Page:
other works on Wednesday's program. Whelan and Damian Woetzel (substituting for
Maria Kowroski and Philip Neal) shot themselves straight into the vortex of the
music in Balanchine's "Mozartiana" -- Whelan luxuriating joyfully in the choreography's
deep play with timing, Woetzel pouncing on every step with crisp technique and
intensity. In the Gigue, Tom Gold was composed and vigorous. (With his class-picture
haircut and calmly ironical presence, he looked a bit like Tobey Maguire in the
new "Spiderman.") Andrea Quinn led the orchestra in Tchaikovsky's score, exulting
in its shifts of mood and playing up the rubato. (Too bad about the unfortunately
off-key violin solo that marred the end of Whelan and Woetzel's bold, clean, risky
pas de deux.)
The evening closed with Balanchine's
resplendent "Vienna Waltzes," in a performance notable especially for the rendition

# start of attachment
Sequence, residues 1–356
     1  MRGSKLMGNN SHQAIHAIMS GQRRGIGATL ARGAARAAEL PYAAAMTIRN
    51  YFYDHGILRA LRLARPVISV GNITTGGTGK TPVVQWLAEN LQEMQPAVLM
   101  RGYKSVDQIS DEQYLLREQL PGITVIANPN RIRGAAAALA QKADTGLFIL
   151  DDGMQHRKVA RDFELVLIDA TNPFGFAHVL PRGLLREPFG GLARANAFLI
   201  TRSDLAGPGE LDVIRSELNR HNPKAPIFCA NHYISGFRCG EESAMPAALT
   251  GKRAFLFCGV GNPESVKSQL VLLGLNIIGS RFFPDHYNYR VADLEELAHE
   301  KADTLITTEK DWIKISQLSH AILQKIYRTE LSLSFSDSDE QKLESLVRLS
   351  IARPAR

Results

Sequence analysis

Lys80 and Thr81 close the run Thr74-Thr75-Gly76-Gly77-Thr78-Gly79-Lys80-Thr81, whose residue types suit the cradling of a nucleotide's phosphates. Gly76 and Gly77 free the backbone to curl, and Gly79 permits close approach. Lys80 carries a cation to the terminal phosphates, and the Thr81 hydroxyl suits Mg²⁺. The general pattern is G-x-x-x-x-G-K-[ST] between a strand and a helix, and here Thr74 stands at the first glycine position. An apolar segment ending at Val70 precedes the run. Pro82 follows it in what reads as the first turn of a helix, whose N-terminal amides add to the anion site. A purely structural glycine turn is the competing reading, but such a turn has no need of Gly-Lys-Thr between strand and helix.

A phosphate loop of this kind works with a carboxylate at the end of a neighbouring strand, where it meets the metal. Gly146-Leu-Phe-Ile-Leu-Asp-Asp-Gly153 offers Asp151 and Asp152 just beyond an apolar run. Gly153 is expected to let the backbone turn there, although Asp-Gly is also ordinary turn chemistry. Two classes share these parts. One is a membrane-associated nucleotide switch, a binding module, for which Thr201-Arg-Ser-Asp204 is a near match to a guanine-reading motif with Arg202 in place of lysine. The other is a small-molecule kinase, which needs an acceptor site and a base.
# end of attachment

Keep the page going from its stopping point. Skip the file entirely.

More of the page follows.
of the forest-fairyland "Fruehlingsstimmen" movement by Peter Boal and a triumphant
Alexandra Ansanelli. Boal is a good partner for her; he gives her stability --
which, added to the depth and moxie she already has, makes her an unstoppable
force onstage. As she whirled and vaulted and came sweetly to rest on Boal's shoulder,
Ansanelli was ecstatic; by the end of the movement, we were too.
In her debut in a role often danced
by the recently retired Helene Alexopoulos (the "Gold und Silber Walzer"), Darci
Kistler seemed not entirely comfortable, perhaps because her scheduled partner,
Jock Soto, who was also to make a debut, could not appear. Soto was replaced by
a dashing Charles Askegard, but Kistler could find neither her timing nor her
character in his arms. Needless to say, she was still stunning in that jet-black